TALENT — Travel through southern Oregon at this time of year and the potent smell of the region’s signature cash crop is unmistakable.
Rows of big and bushy plants, their long limbs heavy with flowers, dot the landscape.
You’re thinking marijuana, of course. And you’d be mostly right.
But a growing number of the plants today are hemp.
Five years into the state’s experiment with the crop, the maligned and misunderstood cousin to marijuana is on track to become a billion-dollar juggernaut – fueled in large part by the CBD craze.
Hemp acreage has increased from about 100 acres to an estimated 27,000 in Oregon, one of the first states to license production. It’s touted as having the potential to become the state’s top commodity, edging out marijuana and traditional agriculture giants like nursery crops.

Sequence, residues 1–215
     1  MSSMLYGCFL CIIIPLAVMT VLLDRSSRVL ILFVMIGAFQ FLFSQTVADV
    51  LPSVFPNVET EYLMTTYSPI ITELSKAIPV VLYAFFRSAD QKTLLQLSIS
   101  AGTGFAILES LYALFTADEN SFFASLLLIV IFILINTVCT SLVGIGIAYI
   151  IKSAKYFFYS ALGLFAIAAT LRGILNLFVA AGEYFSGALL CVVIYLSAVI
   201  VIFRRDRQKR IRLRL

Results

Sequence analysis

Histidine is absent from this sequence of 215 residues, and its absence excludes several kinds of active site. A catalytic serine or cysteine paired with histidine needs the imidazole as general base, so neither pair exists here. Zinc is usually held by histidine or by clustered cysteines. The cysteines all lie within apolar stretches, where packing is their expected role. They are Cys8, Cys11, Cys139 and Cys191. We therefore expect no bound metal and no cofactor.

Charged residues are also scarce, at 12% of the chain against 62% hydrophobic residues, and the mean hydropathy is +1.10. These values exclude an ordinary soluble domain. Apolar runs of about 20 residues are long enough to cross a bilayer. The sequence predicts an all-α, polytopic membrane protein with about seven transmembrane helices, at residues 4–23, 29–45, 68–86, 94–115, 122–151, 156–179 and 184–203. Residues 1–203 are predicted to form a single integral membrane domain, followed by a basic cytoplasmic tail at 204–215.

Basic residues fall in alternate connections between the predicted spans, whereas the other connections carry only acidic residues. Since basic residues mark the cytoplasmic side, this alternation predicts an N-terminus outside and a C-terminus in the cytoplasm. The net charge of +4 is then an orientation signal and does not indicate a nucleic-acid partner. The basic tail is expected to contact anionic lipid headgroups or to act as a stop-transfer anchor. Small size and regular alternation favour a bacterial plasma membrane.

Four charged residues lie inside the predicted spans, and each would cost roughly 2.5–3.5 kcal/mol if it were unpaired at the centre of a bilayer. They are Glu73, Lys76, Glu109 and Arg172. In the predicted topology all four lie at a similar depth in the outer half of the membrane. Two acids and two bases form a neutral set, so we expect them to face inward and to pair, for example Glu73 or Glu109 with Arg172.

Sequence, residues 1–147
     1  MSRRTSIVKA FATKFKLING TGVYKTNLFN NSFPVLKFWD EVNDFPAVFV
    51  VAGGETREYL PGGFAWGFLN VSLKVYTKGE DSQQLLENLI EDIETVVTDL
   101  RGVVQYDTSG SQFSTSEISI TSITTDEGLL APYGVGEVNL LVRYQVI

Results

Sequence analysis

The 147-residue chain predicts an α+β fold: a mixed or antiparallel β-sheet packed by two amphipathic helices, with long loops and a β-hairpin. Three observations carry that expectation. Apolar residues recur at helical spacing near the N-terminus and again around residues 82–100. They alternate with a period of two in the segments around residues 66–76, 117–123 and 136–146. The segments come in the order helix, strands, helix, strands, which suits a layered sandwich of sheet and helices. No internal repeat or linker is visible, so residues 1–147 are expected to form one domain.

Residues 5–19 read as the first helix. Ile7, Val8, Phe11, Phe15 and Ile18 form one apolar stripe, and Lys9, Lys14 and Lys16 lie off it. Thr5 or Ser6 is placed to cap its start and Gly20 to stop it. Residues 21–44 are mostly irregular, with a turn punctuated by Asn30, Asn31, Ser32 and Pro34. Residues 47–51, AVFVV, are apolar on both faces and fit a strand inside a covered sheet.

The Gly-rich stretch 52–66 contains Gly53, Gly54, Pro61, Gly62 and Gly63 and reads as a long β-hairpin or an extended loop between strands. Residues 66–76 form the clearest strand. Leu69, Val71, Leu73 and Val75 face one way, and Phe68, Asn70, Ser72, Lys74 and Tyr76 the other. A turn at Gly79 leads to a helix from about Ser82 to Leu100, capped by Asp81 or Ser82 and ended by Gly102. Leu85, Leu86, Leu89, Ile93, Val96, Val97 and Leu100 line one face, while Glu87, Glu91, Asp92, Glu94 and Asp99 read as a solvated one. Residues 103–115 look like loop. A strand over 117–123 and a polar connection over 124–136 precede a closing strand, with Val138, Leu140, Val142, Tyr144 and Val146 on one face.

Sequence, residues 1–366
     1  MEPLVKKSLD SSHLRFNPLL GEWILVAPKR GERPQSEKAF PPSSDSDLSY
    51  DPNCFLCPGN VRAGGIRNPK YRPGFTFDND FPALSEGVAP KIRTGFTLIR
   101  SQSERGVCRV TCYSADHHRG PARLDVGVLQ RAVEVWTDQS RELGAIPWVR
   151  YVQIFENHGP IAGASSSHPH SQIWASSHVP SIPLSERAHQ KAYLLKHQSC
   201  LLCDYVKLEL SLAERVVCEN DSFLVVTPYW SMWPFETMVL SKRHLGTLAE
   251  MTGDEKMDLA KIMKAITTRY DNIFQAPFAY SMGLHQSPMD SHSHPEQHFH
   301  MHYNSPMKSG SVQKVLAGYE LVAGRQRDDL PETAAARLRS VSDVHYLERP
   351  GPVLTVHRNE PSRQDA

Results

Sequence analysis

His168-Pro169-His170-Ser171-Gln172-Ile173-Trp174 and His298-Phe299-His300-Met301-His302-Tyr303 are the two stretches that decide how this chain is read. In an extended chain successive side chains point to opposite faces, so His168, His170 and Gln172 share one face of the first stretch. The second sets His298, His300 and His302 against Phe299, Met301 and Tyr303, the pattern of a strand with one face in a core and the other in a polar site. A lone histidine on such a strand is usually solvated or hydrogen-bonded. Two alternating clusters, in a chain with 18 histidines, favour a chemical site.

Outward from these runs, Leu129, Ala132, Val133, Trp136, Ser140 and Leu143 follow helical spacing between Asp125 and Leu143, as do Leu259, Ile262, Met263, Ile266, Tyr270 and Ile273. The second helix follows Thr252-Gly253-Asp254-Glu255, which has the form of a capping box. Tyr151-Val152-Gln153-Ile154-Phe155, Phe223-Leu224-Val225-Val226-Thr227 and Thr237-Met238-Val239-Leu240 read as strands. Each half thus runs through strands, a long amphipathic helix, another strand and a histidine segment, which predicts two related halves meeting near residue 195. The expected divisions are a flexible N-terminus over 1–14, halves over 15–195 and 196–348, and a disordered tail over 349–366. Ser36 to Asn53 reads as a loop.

The number of growers has catapulted from a dozen to about 1,700 as farmers and marijuana growers move to diversify and speculators try to cash in on the gold rush.
Oregon’s prime growing climate, a shift in federal policy that began six years ago and consumer clamor for all things cannabidiol have uniquely positioned the state to become one of the country’s leading producers of hemp.
Jay Noller, the state’s top hemp scientist and director of a hemp research institute at Oregon State University, said the crop has infused Oregon agriculture with a new